The most marked district of mixed language is Kårhamn, where there is a governmental boarding school, divided in 4 classes. Both the teacher and the schoolmistress teaching at this school are born of Lappish parents and speak their mother tongue fluently. They still unwillingly, only in very difficult cases use Lappish as auxiliary language.
(Chr. Brygfjeld, SSH-4)
|Per Fokstad and his family
(Photo: Ragnhild Ravna)
Per Fokstad was teaching in Tana for more than 40 years. All along he keenly advocated Sami teaching in school and wrote a Sami school program. Therefore he clashed with the Director of schools and other school authorities. For many years he was the leader of the Sami Council of Finnmark. But as a teacher he was restricted to follow the instructions and teach in Norwegian. Ragnhild Ravna, who in 1959 started teaching at Tana school, where Fokstad was headmaster at the time, tells:
Only in 1945 Per Fokstad had been transferred to Tana school in Bonakas, a school district consisting to a great extent of Sami population. Before the war he was at Norskholmen school with a great part of Finnish/Kven population. His previous pupils tells that he was very loyal towards the authorities, that is he did not use Sami material in school in the postwar period, although many of the pupils were Sami speaking. But he did not forbid them to speak Sami among them. Yet he used Sami material in his many exiting myths and stories, the joik (chanting song of the Sami people) «Voi dán Biettár Káre», and strongly influenced the sense of belonging to the local community. «Do not forget your own language and place of origin!» he used to instil the pupils. When Margarethe Wiig's Sami ABC was published in 1951, the pupils could buy the book from Per Fokstad. At that time he offered some of the pupils to learn Sami.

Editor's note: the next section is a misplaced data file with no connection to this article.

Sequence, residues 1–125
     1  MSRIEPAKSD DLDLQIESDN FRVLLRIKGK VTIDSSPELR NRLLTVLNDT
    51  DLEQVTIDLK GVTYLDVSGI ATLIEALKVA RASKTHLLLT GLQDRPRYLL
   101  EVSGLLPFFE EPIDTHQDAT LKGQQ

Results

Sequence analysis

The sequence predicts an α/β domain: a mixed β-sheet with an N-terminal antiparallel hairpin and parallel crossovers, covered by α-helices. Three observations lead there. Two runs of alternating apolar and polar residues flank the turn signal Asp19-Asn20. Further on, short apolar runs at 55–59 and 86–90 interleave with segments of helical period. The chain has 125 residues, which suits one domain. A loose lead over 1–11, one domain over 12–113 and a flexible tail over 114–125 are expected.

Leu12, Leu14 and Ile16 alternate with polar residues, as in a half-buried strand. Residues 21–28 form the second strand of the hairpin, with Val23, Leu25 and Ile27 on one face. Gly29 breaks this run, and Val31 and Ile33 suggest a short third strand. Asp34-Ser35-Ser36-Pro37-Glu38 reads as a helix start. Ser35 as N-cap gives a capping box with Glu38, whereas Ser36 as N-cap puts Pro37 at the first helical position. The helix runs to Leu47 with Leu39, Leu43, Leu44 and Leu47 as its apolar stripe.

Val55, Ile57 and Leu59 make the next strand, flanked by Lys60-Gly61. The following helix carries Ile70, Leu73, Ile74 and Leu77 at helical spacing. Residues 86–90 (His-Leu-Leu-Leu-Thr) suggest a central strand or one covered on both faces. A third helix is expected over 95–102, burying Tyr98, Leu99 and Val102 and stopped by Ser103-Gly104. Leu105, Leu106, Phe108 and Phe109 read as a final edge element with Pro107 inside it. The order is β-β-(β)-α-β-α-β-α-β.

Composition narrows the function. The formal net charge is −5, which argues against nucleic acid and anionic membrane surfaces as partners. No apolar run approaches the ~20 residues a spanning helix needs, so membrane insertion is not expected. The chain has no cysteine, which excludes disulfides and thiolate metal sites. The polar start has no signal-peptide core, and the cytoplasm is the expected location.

His pupils mention him with praise for the good Norwegian teaching he gave them. That applied to grammar as well as literature and written Norwegian. Norwegian and Mathematics were the most important subjects of his school. It was noticed how competent the pupils of Fokstad were in Norwegian when they started further education.